N.D. teens ambivalent about new driving rulesAustin Emineth got nervous when he first heard of the North Dakota Legislature’s plans to make teenage drivers hold their instructional permit longer.
By: By Trevor Born, The Associated Press, The Jamestown Sun
BISMARCK — Austin Emineth got nervous when he first heard of the North Dakota Legislature’s plans to make teenage drivers hold their instructional permit longer.
Fearing an extra six months of depending on his parents to schlep him around town, he resolved to get a permit as soon as he turned 14. He did, and in January he received what teenagers in no other state can: a driver’s license at 14 years, six months of age.
Though the bill that spooked Emineth two years ago failed, the Legislature approved a similar measure this month, ending North Dakota’s time as the only state that lets teenagers drive without supervision at 14 1/2 years. Gov. Jack Dalrymple, who supports new restrictions on teen drivers, is expected to sign it.
“I heard they’re actually doing it this year, and all I can say is I’m glad I already have my license. Because that would be rough,” said Emineth, now a ninth-grader at Simle Middle School in Bismarck.
Starting Jan. 1, drivers who want a license before turning 16 must hold their permit for a year, which supporters say will reduce accidents and save lives.
Licensed drivers younger than 16 won’t be able to drive after 9 p.m. — unless they’re returning from work, school or a religious activity — and teens under 18 may not use a cell phone while they drive.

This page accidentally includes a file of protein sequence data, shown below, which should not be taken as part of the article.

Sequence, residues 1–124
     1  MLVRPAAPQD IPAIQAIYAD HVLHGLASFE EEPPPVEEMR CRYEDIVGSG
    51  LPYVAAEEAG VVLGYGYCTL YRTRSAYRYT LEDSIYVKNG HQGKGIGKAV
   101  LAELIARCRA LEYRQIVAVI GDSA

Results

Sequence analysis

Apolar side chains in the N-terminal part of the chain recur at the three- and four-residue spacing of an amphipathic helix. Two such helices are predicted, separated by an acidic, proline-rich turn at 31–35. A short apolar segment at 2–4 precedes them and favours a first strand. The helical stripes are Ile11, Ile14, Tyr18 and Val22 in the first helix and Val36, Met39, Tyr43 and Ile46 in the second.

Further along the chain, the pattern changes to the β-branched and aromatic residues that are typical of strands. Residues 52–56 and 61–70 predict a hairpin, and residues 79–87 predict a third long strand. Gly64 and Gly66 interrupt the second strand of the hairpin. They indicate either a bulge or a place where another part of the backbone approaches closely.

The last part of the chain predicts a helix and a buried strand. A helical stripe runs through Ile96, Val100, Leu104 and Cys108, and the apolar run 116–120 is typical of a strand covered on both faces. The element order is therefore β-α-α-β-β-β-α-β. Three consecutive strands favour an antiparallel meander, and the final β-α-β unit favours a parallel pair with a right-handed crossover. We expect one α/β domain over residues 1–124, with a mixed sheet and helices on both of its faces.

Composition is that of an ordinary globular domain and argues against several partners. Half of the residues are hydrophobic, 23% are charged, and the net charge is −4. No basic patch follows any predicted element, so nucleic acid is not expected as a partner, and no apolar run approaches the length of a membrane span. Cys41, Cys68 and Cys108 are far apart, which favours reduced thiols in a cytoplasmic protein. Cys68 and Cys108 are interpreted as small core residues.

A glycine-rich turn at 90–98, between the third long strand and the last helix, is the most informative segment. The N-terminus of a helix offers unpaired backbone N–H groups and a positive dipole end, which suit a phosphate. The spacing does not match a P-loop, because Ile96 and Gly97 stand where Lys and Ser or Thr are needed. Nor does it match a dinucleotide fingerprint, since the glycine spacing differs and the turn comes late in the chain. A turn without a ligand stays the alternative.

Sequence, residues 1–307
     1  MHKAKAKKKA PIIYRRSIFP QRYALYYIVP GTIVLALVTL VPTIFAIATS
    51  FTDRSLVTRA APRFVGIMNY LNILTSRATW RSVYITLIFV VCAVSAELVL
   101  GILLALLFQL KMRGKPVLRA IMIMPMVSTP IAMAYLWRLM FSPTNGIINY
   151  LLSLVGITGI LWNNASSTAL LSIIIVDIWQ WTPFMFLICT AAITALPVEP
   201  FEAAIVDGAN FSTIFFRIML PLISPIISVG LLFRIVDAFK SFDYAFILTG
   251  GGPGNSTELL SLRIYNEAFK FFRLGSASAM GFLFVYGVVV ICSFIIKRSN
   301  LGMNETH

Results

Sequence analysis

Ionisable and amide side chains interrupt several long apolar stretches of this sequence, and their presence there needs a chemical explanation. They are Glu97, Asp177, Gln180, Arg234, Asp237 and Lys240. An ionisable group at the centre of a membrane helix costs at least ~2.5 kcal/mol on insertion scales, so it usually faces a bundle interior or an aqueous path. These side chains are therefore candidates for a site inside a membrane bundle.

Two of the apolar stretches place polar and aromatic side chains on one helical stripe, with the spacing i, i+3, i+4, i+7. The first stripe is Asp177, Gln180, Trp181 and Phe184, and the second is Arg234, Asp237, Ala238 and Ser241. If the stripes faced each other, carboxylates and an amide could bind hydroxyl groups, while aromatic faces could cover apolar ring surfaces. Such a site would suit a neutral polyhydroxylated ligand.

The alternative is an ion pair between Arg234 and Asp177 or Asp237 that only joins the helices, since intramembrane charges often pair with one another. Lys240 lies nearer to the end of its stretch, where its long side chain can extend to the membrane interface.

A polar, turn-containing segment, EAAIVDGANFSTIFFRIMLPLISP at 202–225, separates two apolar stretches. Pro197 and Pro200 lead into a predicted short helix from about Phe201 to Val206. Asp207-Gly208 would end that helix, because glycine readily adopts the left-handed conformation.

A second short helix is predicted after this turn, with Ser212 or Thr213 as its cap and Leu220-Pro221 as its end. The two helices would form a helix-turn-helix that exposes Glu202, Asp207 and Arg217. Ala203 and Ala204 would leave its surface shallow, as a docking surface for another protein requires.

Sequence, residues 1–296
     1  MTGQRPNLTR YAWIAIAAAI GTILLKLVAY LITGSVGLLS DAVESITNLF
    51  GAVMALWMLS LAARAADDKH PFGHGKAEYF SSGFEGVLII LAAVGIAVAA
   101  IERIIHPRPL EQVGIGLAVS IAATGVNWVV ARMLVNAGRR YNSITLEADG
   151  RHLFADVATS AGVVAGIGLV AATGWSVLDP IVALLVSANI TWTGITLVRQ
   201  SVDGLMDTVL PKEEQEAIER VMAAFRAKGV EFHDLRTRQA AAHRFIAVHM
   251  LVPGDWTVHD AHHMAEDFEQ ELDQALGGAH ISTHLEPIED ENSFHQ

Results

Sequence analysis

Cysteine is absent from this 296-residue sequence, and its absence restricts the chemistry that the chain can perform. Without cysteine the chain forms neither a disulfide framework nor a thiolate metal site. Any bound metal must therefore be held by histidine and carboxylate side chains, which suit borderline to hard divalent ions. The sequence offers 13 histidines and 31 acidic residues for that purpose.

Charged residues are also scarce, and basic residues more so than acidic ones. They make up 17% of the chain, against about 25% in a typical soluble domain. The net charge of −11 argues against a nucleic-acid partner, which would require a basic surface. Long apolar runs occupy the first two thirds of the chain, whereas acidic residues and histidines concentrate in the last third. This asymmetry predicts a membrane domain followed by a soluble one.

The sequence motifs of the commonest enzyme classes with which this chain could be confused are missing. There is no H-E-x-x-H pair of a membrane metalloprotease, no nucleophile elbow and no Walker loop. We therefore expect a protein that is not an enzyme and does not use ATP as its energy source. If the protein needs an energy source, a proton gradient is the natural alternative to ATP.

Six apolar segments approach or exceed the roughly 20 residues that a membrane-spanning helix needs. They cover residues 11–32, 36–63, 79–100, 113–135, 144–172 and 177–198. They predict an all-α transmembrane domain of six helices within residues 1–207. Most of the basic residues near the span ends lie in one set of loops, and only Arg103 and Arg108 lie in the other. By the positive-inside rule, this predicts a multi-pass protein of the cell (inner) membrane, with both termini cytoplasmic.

Emineth’s parents own an extra vehicle and let him drive it to school three days a week. He said his life has improved “dramatically” since he stopped relying on his parents for rides.
Emineth sympathizes with his friend Ryan Knudson, also a Simle ninth-grader, whose parents have kept him from getting a learner’s permit because of safety worries. If Knudson doesn’t get the permit by year’s end, he’ll be restricted to driving with adults for six months more than he’d previously expected.
“I definitely don’t want that,” said Knudson, who had to hitch rides from teammates to after-school football practice at Bismarck High School last fall. “You just kind of need to drive yourself sometimes, especially when you play sports.”
The bill’s supporters say the six-month instructional period in existing state law doesn’t give young drivers enough experience, and allows teens to get their licenses without ever driving on snow and ice.
Car accidents are the leading killer of teenagers in the North Dakota, accounting for about 39 percent of teen deaths, according to the state Department of Transportation.
“This is not about teenagers doing intentionally stupid or dangerous things. It’s about human learning,” said Rob Foss, director of the Center for the Study of Young Drivers at the University of North Carolina. “Humans make lots of mistakes when they start doing something that’s kind of complicated.
“Early on, you’re still focused on keeping the car in the lane and not running over the curb when you turn, things an experienced driver doesn’t even think about,” he said. “So you’re not noticing important things in the periphery, like whether that car in the distance is going too fast to stop at its stop sign.”
Middle-schoolers who are now licensed to drive said driving in snow, learning to pump their brakes while stopping on ice, and checking blind spots were among the skills they lacked when they started driving.